Friday, July 8, 2016

Making a Mountain out of A. Hill

Remember the 2003 Red Sox? Remember Damian Jackson? He was a key to victory on many occasions on that team. Why? Because he could star a base when everyone knew he was stealing a base. So, down by one in the ninth and a guy gets on first? Jackson was coming in and stealing second. The 2004 team, however, didn't have that guy. The team realized that, so at the deadline they went and got Dave Roberts. You may remember that he could steal a base when everyone knew he was running. It's the kind of piece and addition that can be key to a winning team. It can make a good team into a championship team.

That's what the Red Sox did yesterday.

The Sox clearly realized that the bloom had come of the Travis Shaw rose. They realized that one too many times the Red Sox had to send Josh Rutledge up as a pinch hitter with the tying run on base just to see him strike out. That couldn't happen any more. They needed help.

So, they went out and got Aaron Hill. Dave Dombrowski said it was to give the Sox a third base option against lefties that could actually hit. Of course, he also mentioned that Hill was an everyday player in Milwaukee. The implication certainly is that he could be one here too if needed. Either way, the Red Sox added some bench depth that they were severely lacking. Whether it's Shaw or Hill, the Sox have an option available when needed. An option the Sox have been lacking since Brock Holt is stuck in the outfield.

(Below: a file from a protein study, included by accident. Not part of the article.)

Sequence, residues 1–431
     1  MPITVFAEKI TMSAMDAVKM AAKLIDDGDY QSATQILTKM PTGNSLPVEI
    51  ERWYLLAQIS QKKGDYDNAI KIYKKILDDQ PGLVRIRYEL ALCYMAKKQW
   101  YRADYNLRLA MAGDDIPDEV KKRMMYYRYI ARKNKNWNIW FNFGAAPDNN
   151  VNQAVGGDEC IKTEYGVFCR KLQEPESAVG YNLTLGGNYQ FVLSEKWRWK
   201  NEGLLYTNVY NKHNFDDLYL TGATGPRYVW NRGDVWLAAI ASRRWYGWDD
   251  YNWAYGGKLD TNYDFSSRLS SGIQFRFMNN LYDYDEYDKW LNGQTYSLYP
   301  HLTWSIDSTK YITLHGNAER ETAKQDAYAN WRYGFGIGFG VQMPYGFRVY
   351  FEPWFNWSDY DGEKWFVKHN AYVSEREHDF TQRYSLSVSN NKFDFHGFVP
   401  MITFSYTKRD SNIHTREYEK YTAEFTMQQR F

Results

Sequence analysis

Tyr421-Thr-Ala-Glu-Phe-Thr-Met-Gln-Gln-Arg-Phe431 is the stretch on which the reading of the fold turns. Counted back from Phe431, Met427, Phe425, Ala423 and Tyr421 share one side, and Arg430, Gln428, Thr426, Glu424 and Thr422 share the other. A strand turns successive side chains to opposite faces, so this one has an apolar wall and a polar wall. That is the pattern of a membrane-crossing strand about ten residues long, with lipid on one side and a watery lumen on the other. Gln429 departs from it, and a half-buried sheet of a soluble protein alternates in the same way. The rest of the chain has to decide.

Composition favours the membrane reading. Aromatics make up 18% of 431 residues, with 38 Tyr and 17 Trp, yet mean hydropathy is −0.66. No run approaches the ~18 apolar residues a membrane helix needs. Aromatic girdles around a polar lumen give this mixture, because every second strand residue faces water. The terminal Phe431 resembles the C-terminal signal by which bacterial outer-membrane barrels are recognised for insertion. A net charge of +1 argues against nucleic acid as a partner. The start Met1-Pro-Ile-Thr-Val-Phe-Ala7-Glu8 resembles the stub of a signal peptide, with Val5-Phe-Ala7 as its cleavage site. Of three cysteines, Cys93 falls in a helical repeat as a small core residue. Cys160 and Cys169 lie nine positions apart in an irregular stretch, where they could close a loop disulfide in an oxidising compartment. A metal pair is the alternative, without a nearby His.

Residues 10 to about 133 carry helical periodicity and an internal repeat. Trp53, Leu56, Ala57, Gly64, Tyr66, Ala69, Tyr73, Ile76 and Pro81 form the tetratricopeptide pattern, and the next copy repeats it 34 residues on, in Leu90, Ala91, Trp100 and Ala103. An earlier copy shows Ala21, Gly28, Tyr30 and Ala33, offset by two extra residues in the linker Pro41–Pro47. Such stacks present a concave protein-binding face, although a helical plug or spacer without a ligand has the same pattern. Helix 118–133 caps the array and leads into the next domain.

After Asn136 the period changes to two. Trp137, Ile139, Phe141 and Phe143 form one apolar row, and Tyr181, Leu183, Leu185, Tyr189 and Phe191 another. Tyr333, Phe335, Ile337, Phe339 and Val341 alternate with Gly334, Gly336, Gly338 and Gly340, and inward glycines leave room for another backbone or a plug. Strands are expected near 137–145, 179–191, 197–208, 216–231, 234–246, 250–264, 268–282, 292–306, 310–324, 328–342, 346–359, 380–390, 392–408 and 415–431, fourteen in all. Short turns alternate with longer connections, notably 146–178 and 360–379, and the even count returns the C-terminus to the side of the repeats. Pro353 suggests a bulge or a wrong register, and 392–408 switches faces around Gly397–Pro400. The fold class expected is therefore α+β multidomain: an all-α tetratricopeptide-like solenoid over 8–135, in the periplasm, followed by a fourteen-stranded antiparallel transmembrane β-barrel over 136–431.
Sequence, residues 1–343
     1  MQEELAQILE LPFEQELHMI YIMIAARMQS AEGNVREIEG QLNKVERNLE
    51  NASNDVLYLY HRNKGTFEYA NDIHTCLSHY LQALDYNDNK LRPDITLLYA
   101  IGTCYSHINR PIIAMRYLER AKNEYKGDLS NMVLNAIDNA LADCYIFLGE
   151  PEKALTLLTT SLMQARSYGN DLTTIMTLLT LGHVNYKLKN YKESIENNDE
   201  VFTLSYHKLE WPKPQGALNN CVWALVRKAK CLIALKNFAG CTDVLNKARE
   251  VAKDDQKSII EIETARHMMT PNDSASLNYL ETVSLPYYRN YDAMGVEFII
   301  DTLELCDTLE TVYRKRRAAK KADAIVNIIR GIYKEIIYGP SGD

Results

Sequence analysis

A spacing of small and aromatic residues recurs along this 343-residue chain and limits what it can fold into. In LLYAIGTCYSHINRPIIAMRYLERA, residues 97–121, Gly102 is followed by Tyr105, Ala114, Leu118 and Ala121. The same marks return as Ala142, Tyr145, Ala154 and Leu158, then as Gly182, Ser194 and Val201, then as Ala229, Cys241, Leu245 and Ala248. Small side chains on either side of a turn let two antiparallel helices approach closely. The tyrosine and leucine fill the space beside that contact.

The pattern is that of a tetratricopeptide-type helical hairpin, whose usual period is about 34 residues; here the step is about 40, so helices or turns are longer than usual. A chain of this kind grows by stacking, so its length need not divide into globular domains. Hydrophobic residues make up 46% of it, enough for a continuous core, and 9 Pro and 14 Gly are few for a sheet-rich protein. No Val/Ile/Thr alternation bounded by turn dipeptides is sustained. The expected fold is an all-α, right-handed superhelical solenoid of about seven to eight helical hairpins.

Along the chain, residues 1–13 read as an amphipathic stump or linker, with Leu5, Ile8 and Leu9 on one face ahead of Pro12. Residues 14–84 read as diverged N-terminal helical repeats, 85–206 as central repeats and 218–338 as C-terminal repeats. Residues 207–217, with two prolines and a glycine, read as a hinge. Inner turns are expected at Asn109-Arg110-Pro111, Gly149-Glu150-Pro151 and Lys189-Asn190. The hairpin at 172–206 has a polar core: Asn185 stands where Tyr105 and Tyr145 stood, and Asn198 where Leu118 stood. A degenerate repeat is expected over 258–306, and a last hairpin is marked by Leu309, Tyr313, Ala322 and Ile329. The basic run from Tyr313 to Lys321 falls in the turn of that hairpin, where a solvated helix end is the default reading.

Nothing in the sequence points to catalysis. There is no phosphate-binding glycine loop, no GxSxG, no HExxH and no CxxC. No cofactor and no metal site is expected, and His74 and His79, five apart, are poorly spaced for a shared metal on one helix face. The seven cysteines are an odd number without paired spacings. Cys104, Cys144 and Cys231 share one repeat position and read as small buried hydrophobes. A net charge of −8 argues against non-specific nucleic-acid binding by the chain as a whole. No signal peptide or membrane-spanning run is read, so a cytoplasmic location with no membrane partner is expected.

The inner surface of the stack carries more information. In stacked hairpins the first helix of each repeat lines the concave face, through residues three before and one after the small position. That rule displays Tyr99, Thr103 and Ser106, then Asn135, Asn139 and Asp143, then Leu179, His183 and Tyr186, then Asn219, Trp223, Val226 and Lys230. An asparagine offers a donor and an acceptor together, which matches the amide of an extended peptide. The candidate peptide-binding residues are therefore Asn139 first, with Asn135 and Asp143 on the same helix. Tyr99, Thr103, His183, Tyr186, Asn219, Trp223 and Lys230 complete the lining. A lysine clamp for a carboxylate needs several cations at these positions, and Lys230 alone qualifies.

The problem for the Sox, PR-wise, is that this deal was made at the wrong time. If they had done this a week or two ago when the Sox were losing games 3-2 or 2-0, this move would have been cheered. An option off the bench could have been the difference in any number of those games. 

But, it's a different time. The Sox just took a series from the best team in the league, while thumping out tons of runs. The offense isn't the problem today. 

The pitching is.

So, too many people are screaming that the Sox got rid of a pitcher that had been pitching well. He could have been the replacement fifth starter!

But, he wasn't going to be. He's no longer a prospect. He was an organizational depth pitcher. At 27 years old, he should have been performing well at AAA. But, to hold onto him like your mother's fine china is foolish. He's exactly the type of player you use to improve the big club. You can't hold onto everyone. If you want improvements to be made, something has to go.

So, I think this was a great move. The Sox got something they desperately needed, and gave up something that they didn't. That's exactly what you use your minor league club for.

To make a run at a championship. 

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